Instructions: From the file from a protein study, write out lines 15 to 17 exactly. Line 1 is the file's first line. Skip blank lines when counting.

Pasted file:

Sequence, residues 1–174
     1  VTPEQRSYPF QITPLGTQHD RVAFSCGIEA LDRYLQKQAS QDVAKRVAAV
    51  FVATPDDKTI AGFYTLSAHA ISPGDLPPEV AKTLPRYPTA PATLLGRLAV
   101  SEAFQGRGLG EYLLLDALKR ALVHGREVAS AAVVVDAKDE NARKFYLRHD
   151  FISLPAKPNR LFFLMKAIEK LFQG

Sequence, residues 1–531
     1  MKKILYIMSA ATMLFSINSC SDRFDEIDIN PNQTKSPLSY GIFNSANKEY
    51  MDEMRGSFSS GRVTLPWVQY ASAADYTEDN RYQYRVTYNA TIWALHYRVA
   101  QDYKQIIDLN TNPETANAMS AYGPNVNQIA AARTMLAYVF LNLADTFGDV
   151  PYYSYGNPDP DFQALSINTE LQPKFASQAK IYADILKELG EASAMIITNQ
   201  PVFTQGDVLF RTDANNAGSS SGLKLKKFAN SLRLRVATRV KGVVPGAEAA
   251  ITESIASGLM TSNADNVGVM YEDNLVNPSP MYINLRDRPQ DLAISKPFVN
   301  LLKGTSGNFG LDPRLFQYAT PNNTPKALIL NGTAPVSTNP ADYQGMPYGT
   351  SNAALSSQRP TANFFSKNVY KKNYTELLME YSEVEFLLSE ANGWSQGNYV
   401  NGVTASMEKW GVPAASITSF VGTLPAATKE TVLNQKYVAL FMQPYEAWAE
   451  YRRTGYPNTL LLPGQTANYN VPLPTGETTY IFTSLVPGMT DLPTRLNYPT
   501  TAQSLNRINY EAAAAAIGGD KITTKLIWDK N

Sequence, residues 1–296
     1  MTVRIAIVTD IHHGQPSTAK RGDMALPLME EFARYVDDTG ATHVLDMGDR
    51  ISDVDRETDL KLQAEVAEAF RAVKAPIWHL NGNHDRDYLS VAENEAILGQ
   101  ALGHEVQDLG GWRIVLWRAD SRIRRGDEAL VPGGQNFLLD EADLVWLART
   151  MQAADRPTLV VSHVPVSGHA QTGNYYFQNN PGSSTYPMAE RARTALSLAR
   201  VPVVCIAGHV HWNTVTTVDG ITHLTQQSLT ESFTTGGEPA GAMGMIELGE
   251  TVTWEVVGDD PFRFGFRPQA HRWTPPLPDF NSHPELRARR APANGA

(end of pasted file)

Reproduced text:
   401  NGVTASMEKW GVPAASITSF VGTLPAATKE TVLNQKYVAL FMQPYEAWAE
   451  YRRTGYPNTL LLPGQTANYN VPLPTGETTY IFTSLVPGMT DLPTRLNYPT
   501  TAQSLNRINY EAAAAAIGGD KITTKLIWDK N